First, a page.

International tourist arrivals in Kenya decreased from 1.7m in 2012 to 1.5m in 2013. According to the 2014 Economic Survey released in late April by the Devolution and Planning Ministry, this decline in international arrivals “may be attributed to travel advisories by traditional tourist markets due to security concerns”. Wanjohi Kabukuru reports.
This was the first official confirmation that Kenya’s tourism sector was facing a crunch time. For the last five decades, Kenya’s tourism has largely depended on the European market as its main source. Whenever political disturbances combined with security fears have arisen, the sector has in turn suffered.
Tourism is Kenya’s third-largest foreign exchange earner – after tea and horticulture – and difficulties in the sector directly impact on the general Kenyan economy.
This decrease in tourism had been expected from September 2013 when al-Shabaab, the Somali militant group, laid a terrorist siege in the Kenyan capital Nairobi’s Westgate Mall. The siege, which was played in the full glare of the international media, ended in 67 deaths including some foreigners.
A continued surge in crime intertwined with sporadic terror attacks within the main cities of Nairobi and Mombasa since September last year has seen the situation deteriorating further. In March, gunmen killed six worshippers in Mombasa and an SUV laden with explosives was intercepted.
In April, there were further bombings in Nairobi. In May, bombings struck Nairobi, buses on the Thika Superhighway and coastal Mombasa. In June, gunmen attacked the town of Mpeketoni on the coast, about 30 kilometres from the tourism hub of Lamu, resulting in 50 fatalities, with a further attack the next night.
In the wake of the attacks, the UK, France, Australia and the US issued travel warnings and scaled down staff in their respective diplomatic missions in Nairobi. A day after these travel advisories were issued, UK charter-flight operators evacuated some 700 British tourists who had been holidaying in Mombasa. The UK government closed its consulate in Mombasa due to increased terror threats and heightened political tension.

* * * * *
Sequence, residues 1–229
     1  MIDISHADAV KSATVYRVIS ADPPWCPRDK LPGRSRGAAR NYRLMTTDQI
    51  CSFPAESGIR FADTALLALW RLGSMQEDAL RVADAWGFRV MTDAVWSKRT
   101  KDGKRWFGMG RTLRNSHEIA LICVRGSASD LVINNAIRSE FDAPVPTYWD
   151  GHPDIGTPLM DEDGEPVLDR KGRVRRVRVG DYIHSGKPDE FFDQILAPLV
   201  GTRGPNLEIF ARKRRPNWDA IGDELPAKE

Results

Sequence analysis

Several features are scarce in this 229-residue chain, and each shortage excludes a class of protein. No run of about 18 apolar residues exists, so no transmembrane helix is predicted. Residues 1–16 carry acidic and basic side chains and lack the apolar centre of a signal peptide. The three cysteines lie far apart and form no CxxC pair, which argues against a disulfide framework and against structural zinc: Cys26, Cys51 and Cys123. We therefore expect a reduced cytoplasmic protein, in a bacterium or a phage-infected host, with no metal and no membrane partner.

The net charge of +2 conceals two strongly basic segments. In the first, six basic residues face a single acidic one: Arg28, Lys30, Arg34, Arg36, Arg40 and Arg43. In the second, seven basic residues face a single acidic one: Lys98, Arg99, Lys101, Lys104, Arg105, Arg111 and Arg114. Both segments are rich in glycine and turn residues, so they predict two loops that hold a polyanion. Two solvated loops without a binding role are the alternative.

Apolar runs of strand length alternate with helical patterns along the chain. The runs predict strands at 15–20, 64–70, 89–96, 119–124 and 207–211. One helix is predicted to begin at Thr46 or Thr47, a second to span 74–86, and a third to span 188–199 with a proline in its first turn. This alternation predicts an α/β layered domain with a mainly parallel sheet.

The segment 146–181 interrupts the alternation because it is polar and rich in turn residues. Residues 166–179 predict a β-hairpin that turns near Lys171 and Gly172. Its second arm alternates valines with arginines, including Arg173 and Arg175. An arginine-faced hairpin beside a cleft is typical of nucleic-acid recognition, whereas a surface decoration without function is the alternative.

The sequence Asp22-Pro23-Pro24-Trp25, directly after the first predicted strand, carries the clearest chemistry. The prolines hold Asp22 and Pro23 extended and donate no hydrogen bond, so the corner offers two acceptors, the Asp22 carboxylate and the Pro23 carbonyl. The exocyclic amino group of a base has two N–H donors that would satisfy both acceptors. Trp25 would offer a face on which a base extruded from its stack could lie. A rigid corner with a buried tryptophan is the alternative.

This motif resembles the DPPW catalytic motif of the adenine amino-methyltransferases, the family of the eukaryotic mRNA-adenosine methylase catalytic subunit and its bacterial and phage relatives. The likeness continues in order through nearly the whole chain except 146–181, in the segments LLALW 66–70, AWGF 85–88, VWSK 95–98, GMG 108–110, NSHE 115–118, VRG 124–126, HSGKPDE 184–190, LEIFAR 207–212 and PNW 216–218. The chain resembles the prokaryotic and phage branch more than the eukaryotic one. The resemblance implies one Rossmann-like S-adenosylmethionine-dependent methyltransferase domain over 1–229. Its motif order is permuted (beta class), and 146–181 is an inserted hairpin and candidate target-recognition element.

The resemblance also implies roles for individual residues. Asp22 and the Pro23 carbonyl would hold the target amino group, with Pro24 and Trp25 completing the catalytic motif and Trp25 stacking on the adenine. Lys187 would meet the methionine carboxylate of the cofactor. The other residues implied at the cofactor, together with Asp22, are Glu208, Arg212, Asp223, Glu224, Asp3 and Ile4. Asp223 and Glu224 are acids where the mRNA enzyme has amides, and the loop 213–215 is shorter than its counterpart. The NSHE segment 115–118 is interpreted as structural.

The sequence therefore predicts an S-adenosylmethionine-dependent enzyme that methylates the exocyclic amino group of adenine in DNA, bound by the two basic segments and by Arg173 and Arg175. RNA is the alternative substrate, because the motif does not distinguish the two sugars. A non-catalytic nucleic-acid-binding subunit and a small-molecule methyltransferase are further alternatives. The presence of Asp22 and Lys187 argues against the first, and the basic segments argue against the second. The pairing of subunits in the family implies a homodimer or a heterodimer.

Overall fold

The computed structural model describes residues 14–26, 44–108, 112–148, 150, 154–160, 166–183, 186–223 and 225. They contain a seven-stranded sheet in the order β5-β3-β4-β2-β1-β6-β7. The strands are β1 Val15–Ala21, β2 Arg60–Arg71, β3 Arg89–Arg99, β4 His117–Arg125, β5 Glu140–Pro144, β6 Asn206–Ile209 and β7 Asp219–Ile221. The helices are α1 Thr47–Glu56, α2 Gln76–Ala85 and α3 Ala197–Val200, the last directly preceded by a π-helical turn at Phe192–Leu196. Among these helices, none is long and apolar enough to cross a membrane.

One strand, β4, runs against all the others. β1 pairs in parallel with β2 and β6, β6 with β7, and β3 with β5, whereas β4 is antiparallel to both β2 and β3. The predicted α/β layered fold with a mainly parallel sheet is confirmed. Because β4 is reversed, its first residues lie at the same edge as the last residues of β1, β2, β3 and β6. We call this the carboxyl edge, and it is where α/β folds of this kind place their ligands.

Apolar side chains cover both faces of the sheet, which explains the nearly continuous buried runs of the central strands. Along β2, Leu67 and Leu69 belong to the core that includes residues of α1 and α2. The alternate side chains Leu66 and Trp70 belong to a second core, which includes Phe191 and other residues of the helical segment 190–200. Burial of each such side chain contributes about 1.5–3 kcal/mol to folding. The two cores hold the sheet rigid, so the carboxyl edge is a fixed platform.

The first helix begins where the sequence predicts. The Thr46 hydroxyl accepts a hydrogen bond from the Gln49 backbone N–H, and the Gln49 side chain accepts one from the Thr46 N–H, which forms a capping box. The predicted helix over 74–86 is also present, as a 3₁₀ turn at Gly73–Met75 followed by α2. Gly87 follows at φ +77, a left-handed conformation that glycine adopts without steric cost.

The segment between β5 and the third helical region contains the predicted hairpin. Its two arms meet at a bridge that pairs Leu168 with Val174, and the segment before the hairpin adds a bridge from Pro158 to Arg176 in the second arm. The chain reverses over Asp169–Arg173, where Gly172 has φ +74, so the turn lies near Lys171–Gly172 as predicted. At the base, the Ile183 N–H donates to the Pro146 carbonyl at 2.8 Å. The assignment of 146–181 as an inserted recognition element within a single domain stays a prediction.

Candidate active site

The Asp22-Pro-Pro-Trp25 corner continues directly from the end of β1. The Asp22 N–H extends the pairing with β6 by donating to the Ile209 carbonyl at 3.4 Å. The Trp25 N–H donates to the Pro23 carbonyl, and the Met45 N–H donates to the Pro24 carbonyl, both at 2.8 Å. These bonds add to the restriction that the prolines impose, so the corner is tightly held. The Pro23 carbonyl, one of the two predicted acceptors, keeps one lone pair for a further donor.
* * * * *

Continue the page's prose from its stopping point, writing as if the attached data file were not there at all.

In early June, the African Hotel Investment Forum, which was to be hosted in Nairobi, was rescheduled for September and moved to Addis Ababa. While the UK organisers have said that “limited space” in Nairobi is the reason they moved, many see it as related to security. Lately, Kenya’s relations with the UK, US and France have hit an all-time low.
The pinch has now begun to be felt with a bleak future facing the industry. More than 20 hotels have already closed in Mombasa and the north coast, with some 7,000 jobs in the hospitality industry being lost so far.
According to the World Travel and Tourism Council (WTTC), tourism contributed 13.7% to Kenya’s GDP in 2013 and accounted for 12% of total wage employment. Last year 1,077,000 arrivals were recorded in Tanzania with the tourism sector earning the country Tshs 2.4 trillion ($1.5bn) and contributing 15% of the GDP.
Though Kenya tops the region as the most-favoured destination, its security-related misfortunes have favoured Tanzania, which is a considerably cheaper destination.
The WTTC findings coincide with those of WEF, which notes that insecurity, immigration procedures and infrastructure challenges are dragging the sector’s progress across Eastern Africa.
In 2014 Uganda is expected to lead in tourism growth figures with an estimated 6.4% growth followed by Tanzania at 4.3% with Rwanda, Kenya and Burundi trailing.
Tanzania still leads the region in hotel accommodation with some 30,600 rooms. Kenya follows with 24,000 rooms but leads in terms of bed occupancy. Safari, scenic, beach and birding tourism still remain East Africa’s tourism attractions with conference tourism beginning to take root.